Type Of Glass
Another factor that can increase the price of your lean-to-conservatory is the type of glass that you will choose. Here are a few options to consider:
Thermally efficient glass: If you are looking to minimize heat loss, then you should consider installing coated (low-emissivity) double-glazed panels filled with gas. This type of window improves the energy efficiency of your home, resulting in reduced heating costs.
Self-cleaning glass: A special coating is applied to the panel that reacts with sunlight to dissolve dirt and grime so that you do not have to worry about cleaning your conservatory any more.
Anti-glare, reflective or tinted glass: This is another special coating that helps reduce the sun’s glare on hot summer days, especially if your conservatory will be built in a very sunny place in the garden.
Frames: The type of material that will be used for the conservatory frames will affect the overall project cost greatly. The prices of frames vary depending on their profile and design elements. Most homeowners choose Upvc or aluminium as both materials are low maintenance. Alternatively, you can go for engineered wood if you are looking for a more traditional material, which is also cheap and strong.
Walls: You can choose either to have fully glazed, full height or dwarf walls for your lean-to conservatory. The bigger the size of the walls, the more it will add to the overall project cost.
Roof: When it comes to conservatory roofing, you have two options depending on how are you planning to use your conservatory. If you want plenty of natural sunlight to come in, then you should consider having a ffully tiled roof. Alternatively, you can opt for a partly glazed roof. Most lean-to conservatories are likely to have a simple flat sloping roof, made from Polycarbonate sheeting to reduce costs.
Doors: There are many different types of doors available to choose from for a lean-to room, such as French Doors, sliding, tilt & turn or Bifold doors. French Doors are the most popular option in the UK. Conservatory door prices may vary greatly depending on the design and size, so be careful when choosing.
Lean-To Conservatory Roofs
- A lean-to-conservatory roof is sloping downwards to allow rainwater to fall off the roof.
- The roof is low-pitched compared to other conservatory styles that have an apex roof design.
- Lean-to-conservatories are the obvious choice for houses that have little space under the eaves and for homeowners looking to build a bungalow.
- A lean-to-conservatory is very adaptable, making it easy to fit in any kind of space.
- Terraced properties benefit from a steeper lean-to roof, while bungalow roofs are shallow-pitched.
Conservatory Roofing Options
There are several options when it comes to your conservatory roof, but which one is the best for your lean to conservatory? The two most popular materials in England are glass and polycarbonate. Polycarbonate roofs are certainly cheaper but glass roofs look a lot better.
Polycarbonate Conservatory Roofs
- High UV Blockage (ideal for greenhouses)
- Extremely lightweight (easy to transport and install)
- Heat, sunlight and rain resistant
- Higher price compared to plastic or glass.
- Can scratch or dent.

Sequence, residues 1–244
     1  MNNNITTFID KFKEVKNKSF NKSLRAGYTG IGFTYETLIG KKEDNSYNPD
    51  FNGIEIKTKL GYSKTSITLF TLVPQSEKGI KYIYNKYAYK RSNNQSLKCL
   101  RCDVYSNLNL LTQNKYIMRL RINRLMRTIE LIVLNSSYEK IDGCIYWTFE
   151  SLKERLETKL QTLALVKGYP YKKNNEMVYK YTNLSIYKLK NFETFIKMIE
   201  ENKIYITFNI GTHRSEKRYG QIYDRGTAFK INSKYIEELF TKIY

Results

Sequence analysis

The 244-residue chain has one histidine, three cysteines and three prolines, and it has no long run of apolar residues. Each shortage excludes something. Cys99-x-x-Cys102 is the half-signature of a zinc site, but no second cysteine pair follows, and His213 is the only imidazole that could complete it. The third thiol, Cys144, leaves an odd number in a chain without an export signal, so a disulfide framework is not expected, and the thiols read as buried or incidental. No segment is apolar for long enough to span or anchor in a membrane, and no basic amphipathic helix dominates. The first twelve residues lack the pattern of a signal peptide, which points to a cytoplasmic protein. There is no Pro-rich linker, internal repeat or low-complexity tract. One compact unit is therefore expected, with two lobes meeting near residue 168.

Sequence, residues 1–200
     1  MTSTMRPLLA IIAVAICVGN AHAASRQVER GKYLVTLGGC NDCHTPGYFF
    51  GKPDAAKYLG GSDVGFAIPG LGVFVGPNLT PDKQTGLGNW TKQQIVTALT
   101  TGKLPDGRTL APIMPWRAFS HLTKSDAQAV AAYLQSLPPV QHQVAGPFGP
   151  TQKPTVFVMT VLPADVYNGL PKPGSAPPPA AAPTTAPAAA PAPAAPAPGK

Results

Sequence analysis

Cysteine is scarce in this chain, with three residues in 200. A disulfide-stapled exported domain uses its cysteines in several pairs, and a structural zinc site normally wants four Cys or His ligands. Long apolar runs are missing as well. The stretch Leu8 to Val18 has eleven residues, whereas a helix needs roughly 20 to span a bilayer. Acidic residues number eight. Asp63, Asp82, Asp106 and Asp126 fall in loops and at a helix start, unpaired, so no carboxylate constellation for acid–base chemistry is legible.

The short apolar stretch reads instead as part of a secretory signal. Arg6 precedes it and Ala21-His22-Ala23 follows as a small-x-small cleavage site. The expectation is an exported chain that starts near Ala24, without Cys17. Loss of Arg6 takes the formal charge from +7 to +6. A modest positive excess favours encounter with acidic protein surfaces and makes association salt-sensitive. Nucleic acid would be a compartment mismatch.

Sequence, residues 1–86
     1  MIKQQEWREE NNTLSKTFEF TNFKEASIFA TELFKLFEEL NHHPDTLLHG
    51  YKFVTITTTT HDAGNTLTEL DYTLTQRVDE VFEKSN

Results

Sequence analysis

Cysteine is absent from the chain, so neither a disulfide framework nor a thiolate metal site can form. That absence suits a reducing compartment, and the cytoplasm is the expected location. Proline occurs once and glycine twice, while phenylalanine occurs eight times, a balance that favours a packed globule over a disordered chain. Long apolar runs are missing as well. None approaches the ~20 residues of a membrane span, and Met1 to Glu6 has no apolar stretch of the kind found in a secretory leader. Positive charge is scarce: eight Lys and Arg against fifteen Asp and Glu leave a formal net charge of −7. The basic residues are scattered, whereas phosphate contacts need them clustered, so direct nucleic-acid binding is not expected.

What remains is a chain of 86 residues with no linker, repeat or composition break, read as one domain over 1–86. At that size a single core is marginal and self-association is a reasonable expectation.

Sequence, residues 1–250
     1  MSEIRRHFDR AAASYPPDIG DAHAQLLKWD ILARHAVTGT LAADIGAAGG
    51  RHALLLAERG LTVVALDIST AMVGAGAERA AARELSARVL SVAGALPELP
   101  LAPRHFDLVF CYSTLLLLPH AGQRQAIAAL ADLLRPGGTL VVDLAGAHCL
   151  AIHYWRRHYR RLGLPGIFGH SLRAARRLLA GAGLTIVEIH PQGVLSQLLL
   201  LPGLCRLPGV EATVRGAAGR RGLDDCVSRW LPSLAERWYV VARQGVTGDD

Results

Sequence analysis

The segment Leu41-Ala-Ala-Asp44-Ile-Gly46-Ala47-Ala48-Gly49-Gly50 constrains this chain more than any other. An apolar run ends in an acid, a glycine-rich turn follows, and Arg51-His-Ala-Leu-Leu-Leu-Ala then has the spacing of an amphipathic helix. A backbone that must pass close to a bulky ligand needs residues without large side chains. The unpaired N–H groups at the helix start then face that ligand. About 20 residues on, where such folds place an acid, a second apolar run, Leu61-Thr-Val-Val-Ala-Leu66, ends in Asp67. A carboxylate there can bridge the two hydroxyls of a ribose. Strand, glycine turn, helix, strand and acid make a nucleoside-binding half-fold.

- Poor soundproofing and heat insulation.
- Can cost more in the long term.
A Lean-To Conservatory With Solid Roof
- Make the conservatory usable all year.
- Low energy bills.
- Keep noise out more effectively.
- Look attractive (great range of styles and colors)
- Allow less sunlight to come in.
- Might required planning permission.
- Require Building Regulations Approval.
- Not all roofs are build with the same standards (poor installation work).
Glass Lean-To Conservatory Roofs
- Glass roofing reduces noise by 50%.
- Keep your conservatory warmer during the winter and cooler during summer.
- Self-sufficient as they also come with self-cleaning properties.
- Glass is more expensive than Upvc and Acrylonitrile Butadiene Styrene (ABS).
- Unable to regulate the temperature and to create a pleasant environment during the whole year.
- Glass conservatory roofs are more durable when compared to other materials but also more expensive.
- They have poor reputation due to their disadvantages, putting potential buyers off.
Finding the right conservatory installer is of equal importance to choosing the right conservatory (glass, frame, base etc.). If the professional you hire is not experienced enough to do the job properly and to guarantee that everything is functioning properly, you will experience problems in the future that will cost you additional money to fix. So, you need to do proper research before you hire anyone for the job. Ask friends, colleagues and neighbours to recommend any installer they have already used before, to be sure that you hire the best one.
How much does a lean-to-conservatory cost?
Lean to conservatory prices vary largely depending on the size of the structure, but generally, you should expect to pay around £10,000 for an average-sized version. However, it is possible to build a small lean-to conservatory for as little as £5,000. Remember not to shy away when it comes to hiring a professional contractor who will do the job properly and with quality materials. Make sure to compare quotes from three or more contractors in order to get a competitive price; always check references and insurance credentials before you hire.